John Logsdon, a historian with George Washington University who knew Webb when he led the agency, says the NASA manager was a consummate Washington insider and "a product of the value system of his time."
"I don't think he took any particular actions that were unacceptable at the time," says Logsdon. "But in this new 'woke' world, they probably wouldn't be acceptable."
Prescod-Weinstein, meanwhile, believes that names of major scientific instruments like this one should convey the very best of what humanity can be.
For her personally, all of this brings up "the fight that I have had to have to be OK with myself as a queer person. And I don't think that that should be associated with the incredible thing that is the cosmos."
NOEL KING, HOST:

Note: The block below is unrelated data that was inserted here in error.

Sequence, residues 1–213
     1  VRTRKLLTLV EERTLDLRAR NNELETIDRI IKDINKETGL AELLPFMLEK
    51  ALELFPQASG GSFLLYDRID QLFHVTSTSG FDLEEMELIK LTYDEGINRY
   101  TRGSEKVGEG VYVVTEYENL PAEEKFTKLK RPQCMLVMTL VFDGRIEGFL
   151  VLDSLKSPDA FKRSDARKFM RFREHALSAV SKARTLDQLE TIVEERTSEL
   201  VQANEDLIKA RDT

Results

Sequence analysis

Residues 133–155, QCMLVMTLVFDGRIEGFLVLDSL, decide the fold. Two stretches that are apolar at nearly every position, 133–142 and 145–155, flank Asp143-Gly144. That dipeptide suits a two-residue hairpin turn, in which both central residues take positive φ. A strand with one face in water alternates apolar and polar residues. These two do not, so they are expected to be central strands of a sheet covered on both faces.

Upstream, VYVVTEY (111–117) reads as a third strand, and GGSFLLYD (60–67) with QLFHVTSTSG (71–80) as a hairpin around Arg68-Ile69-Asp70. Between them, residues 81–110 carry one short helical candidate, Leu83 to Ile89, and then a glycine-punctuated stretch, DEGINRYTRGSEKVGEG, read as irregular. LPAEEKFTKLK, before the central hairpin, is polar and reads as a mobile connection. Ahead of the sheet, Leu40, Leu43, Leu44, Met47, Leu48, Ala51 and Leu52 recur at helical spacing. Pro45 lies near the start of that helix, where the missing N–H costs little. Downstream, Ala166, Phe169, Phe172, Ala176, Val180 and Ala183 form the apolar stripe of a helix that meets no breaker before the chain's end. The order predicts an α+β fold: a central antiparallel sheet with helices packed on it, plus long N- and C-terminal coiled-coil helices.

In December, NASA will launch the most powerful telescope ever put into space. The James Webb Space Telescope is named for the man who led NASA in the 1960s while it was racing to put astronauts on the moon. But hundreds of scientists object to naming the telescope after him. NPR's Nell Greenfieldboyce explains why that is.
NELL GREENFIELDBOYCE, BYLINE: James Webb became head of NASA in 1961, just months before President John Kennedy pledged to put a man on the moon.
JOHN LOGSDON: He was a consummate Washington insider. He knew how to work both Congress and the executive branch.
GREENFIELDBOYCE: Space historian John Logsdon is with George Washington University. He knew Webb.
LOGSDON: He told Kennedy when he was asked to take the job, I'm not a scientist; you should have a scientist. And Kennedy said, no, I want a policy person.